Profumo jumped into the critical U.S. market with his July acquisition of Boston-based Pioneer Group. Though a troubled institution, Pioneer brings about $24 billion in mutual fund assets, along with a long list of products, to the bank’s asset management business.Today UniCrediro operates more than 3,600 bank branches throughout Italy with total assets of L289 trillion. All told, the company employs 60,000 people; last year they delivered net profits of L2.49 trillion.

UniCrediro looks after about 10 percent of all Italian bank deposits and lending in a highly fragmented market where only the top three institutions each have more than a 5 percent share. The newly created wholesale unit already contributes 15 percent of the bank’s profits, and assets under management have reached $105 billion, putting the bank among the top 30 European investment managers. With €75.4 billion ($63.6 billion) in assets and a 13.4 percent market share, UniCredito trails only Banca lntesa (€109.9 billion in assets and a 19.6 percent market share) and San Paolo IMI Group (€I01 billion in assets and an 18 percent market share) in Italian mutual fund assets.

At the end of 1999, UniCredito’s cost-income ratio stood at 56.4 percent. It is expected to fall to below 50 percent by 2001. In comparison, Banca Intesa and San Paolo IMI have costincome ratios of 72.7 percent and 60.9 percent, respectively.

But these successes have come at a cost. Profumo’s goaloriented style hasn’t won him many friends in Italy’s conservative banking community. Just when he most needs a partner, Profumo finds himself increasingly alienated from rival bankers. “Profumo has become isolated in the Italian community,” says Braghiero. “Other executives are scared that if they merge with UniCredito, Profumo will take control.”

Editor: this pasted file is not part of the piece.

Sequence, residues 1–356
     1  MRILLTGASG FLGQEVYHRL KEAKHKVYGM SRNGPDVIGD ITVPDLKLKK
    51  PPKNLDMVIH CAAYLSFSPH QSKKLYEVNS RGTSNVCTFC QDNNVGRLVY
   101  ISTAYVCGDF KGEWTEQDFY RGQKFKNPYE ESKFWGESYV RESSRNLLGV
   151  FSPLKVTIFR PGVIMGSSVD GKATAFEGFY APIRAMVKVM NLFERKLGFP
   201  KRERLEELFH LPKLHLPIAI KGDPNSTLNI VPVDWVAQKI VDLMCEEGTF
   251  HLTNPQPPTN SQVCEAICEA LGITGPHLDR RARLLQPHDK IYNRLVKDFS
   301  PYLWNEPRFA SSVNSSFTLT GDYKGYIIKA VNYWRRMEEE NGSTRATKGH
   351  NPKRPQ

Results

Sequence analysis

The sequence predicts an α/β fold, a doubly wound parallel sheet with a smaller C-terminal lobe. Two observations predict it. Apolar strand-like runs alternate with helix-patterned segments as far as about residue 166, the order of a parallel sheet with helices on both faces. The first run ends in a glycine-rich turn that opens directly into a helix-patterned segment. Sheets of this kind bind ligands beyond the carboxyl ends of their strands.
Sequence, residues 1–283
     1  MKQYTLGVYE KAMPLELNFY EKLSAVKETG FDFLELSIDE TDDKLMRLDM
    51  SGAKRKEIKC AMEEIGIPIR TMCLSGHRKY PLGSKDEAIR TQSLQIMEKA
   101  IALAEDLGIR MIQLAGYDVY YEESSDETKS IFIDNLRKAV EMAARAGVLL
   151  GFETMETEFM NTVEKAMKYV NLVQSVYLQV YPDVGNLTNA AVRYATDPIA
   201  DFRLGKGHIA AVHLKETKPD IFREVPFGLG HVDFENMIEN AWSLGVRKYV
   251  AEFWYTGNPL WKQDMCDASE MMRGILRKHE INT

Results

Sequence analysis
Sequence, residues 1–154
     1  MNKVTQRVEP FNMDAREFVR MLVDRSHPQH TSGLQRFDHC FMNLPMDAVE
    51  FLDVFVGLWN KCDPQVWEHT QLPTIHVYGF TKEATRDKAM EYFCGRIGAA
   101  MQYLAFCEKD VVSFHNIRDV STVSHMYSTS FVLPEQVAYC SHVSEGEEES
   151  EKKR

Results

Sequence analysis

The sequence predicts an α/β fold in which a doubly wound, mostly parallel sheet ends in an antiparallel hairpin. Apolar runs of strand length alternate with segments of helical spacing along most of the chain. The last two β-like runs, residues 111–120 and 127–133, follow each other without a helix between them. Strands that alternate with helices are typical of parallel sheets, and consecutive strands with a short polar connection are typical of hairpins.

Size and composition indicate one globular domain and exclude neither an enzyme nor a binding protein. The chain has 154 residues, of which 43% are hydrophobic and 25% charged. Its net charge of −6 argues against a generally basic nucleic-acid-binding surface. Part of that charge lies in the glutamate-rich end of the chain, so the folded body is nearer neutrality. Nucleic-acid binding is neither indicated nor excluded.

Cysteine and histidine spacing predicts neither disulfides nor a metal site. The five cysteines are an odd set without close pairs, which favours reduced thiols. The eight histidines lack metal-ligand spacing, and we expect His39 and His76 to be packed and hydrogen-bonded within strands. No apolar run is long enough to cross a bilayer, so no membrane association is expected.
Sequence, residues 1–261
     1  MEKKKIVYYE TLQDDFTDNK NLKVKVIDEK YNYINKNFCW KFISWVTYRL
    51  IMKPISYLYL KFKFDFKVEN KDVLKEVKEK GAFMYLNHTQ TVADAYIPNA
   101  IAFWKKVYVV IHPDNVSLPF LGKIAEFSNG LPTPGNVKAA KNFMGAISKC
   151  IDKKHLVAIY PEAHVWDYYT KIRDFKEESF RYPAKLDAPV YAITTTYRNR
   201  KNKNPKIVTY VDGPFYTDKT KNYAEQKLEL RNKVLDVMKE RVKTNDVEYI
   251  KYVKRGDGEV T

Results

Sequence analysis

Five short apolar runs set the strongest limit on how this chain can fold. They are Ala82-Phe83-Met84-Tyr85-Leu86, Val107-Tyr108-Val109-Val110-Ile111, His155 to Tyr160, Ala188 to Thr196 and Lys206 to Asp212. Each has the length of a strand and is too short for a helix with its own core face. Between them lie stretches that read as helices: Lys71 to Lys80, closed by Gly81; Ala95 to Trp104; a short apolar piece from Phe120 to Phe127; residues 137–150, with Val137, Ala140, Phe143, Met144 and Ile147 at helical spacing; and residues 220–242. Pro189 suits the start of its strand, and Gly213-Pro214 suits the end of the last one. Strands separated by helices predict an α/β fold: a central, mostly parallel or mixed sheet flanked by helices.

Profumo made his first real break from the Italian establishment about 18 months ago. At the time, the mighty investment bank Mediobanca was led by then-91-year-old Enrico Cuccia. Cuccia, who died this June, wielded unrivaled power through a web of joint stockholding arrangements and personal friendships.

When Profumo made a welcome bid for Banca Commerciale ltaliana, not only one of Italy’s biggest banks but also a Mediobanca shareholder, it stunned the financial community. Flying solo, he was making a frontal assault on one of Mediobanca’s allies. “Profumo launched a hostile bid without consulting anyone,” explains one Milan-based investment banker. “It had never happened before.”

Following an acrimonious fight, Cuccia was able to block Profumo’s bid for BCI by lining up Banca lntesa to buy the BCI stake instead. (This strategy later backfired when Banca Intesa sold BCI’s 8.9 percent holding in Mediobanca and began to compere against it in corporate investment banking.) While the result was inconclusive, Profumo’s gambit showed that he wasn’t afraid to take on Italy’s most important bankers.

Profumo has even waged battles with his own shareholders. Recently, he tussled with the charitable foundations of the three savings banks UniCredito acquired in 1998. As part of the merger agreement, these foundations (Cariverona, Cassamarca and Cassa di R.isparmio di Torino) gained control of 38 percent of the combined group’s capital, making them the bank’s largest shareholders.

The chairmen of the foundations, accustomed to having a voice in the management of their banks, wanted to exercise similar control of UniCredito. "[UniCredito’s] managers can say what they like, but they take orders and don’t call the shots,” Dino De Poli, chairman of Cassamarca, blustered at the time. “They are good managers but a bit spoiled.”